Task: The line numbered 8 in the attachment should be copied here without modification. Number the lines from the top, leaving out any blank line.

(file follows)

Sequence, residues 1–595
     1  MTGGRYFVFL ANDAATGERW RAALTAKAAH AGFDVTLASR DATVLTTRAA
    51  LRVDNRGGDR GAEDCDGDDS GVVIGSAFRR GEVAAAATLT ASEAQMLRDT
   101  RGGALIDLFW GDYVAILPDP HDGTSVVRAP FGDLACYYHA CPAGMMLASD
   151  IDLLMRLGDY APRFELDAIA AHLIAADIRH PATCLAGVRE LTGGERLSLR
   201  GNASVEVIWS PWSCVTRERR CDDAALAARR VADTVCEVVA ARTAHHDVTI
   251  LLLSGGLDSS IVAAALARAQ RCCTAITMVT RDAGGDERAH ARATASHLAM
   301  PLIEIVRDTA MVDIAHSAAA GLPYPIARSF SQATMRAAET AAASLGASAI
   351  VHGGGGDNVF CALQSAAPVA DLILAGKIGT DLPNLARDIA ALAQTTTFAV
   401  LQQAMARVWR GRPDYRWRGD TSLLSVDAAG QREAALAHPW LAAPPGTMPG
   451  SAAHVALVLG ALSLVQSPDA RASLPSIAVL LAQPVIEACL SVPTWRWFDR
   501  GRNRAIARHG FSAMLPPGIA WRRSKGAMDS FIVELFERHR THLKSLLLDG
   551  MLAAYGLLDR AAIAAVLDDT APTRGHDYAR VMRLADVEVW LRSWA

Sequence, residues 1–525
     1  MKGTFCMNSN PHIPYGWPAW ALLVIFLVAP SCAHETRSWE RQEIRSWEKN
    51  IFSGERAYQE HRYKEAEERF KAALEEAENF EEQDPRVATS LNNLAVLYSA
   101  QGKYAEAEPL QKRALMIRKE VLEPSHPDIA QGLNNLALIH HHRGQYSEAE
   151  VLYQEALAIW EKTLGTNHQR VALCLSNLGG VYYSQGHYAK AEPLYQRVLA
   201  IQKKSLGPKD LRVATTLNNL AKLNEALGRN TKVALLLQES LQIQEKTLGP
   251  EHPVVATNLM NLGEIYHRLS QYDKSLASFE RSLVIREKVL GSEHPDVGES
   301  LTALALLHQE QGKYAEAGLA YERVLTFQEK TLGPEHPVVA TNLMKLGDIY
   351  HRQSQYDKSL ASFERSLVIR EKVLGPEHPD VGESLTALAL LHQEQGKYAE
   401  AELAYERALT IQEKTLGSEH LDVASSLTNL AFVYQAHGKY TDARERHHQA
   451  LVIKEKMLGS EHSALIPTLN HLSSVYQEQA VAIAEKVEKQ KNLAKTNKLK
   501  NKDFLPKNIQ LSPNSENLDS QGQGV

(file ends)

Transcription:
   301  PLIEIVRDTA MVDIAHSAAA GLPYPIARSF SQATMRAAET AAASLGASAI